The lesion sites of all subjects recruited in this study were evaluated by four dermatologists using the PASI scoring system. The average scores of the three PASI severity scoring categories for all subjects are listed in Supplementary Table 1. Since the Corneometer readings and the PWFR values obtained from our DRS system are related to the local stratum corneum morphology, we performed correlation analyses between these values and the relevant PASI “thickness” and “desquamation” scores, the results of which are listed in Table 2. It can be seen in Table 2 that the Corneometer readings correlated well with the PASI “thickness” and “desquamation” scores. Using the Fisher transformation, the significance of the difference between the two correlation coefficients was p = 0.298 (one-tailed Student’s t-test), meaning that both skin “thickness” and “desquamation” were major factors contributing to the Corneometer readings. The induration of psoriasis vulgaris skin may be due to the edema in dermis or the abnormal keratinocyte proliferation in epidermis, and either of these two factors could lead to changes in skin capacitance. In addition, the scaling on skin can also affect the skin capacitance. Therefore, it is reasonable to interpret that the Corneometer readings had decent correlation to the PASI “thickness” and “desquamation” scores. On the other hand, the PWFR values gathered from the DRS system is an effective indicator of water-protein binding status in epidermis which directly reflects the skin barrier function10. Abnormal desquamation is a visible clinical manifestation of the disrupted skin barrier function. It is therefore fair to conclude about Table 2 that the PWFR was well correlated to “desquamation” scores. Interestingly, the PWFR parameter is less correlated to the “thickness” scores representing the condition of abnormal proliferation in skin. By applying Fisher transformation to the two correlation coefficients (0.48 and 0.86), the one-tailed Student’s t-test value between them was determined to be p = 0.029, meaning that skin “desquamation” in the PASI evaluation was the dominating factor contributing to the DRS derived PWFR values. Further studies will be carried out to investigate the applicability of simultaneous use of Corneometer readings and PWFR values for quantifying the PASI “thickness” and “desquamation” parameters independently.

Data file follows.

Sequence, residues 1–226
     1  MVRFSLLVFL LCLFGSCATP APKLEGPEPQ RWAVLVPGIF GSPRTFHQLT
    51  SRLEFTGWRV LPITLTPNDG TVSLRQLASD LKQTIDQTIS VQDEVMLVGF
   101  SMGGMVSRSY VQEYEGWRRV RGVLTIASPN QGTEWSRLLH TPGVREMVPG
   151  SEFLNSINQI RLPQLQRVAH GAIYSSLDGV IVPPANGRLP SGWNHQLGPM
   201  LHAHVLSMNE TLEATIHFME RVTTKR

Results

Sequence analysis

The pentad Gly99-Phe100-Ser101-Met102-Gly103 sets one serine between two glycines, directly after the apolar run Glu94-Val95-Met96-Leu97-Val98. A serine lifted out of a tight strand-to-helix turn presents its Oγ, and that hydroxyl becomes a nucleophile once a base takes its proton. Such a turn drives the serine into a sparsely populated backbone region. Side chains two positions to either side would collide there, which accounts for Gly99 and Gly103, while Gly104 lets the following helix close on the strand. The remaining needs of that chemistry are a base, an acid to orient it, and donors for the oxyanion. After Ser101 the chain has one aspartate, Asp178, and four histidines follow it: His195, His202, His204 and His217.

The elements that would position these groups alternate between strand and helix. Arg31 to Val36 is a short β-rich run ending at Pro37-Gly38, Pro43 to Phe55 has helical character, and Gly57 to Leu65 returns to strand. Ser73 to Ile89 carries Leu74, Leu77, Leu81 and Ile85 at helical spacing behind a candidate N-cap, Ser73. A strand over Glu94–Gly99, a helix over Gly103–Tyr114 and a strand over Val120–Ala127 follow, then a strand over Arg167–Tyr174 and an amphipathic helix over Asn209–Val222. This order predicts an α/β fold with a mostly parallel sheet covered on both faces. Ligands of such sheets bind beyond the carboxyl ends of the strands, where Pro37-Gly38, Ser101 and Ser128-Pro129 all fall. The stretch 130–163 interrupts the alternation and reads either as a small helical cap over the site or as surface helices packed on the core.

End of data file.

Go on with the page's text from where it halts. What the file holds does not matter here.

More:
Table 2 Pearson correlation coefficients between PASI scores (thickness and desquamation) and the values deduced from Corneometer and DRS systems of 15 psoriasis vulgaris patients.

The correlation coefficients between the optically derived values and the PASI “erythema” scores evaluated by four dermatologists were determined and are listed in Table 3. First, we can see that the Mexameter readings and the O2Hb values were moderately correlated to the PASI “erythema” scores with a same correlation coefficient of 0.51. This agrees with the data trend shown in Fig. 4 where Mexameter readings correlate better to the O2Hb than to HHb. Secondly, HHb values have the highest correlation coefficient to the PASI “erythema” scores among the four optical parameters listed in Table 3. This suggests that the dermatologists could be prone to give higher scores on the “erythema” category when they visually perceive the color feature of the deoxygenated hemoglobin. Nevertheless, we applied the Fisher transformation and found the one-tailed Student’s t-test value between the two correlation coefficients, 0.77 and 0.51, to be p = 0.131. Due to the limited sample size, we could only infer that the deoxygenated hemoglobin component of skin could be a stronger contributing factor to the PASI “erythema” scores than the oxygenated hemoglobin does. Chronic psoriasis vulgaris is very likely to introduce various comorbidities such as anemia and cardiovascular disease. It has been reported that psoriasis vulgaris triggers inflammatory response with a release of reactive oxygen species leading to enhanced red blood cell damage16. In addition, the level of hemoglobin oxygenation in skin was found to decrease during the progression of psoriasis vulgaris17. Thus, it is critical to monitor the variation of total hemoglobin in patients diagnosed with psoriasis vulgaris. On the other hand, other chronic disease with a low hemoglobin level may lead to the incidence of psoriasis vulgaris. It was shown that patients with chronic kidney disease accompanied with anemia had a significant higher incidence rate of psoriasis vulgaris than those without anemia18. This suggests the importance of monitoring hemoglobin level in patients of chronic disease so that proper treatment regimens could be applied to avoid psoriasis vulgaris or fend off its progression. Our finding reported here warrants the extended studies to investigate the benefit of using DRS that quantifies the total hemoglobin level for monitoring the treatment efficacy of psoriasis vulgaris.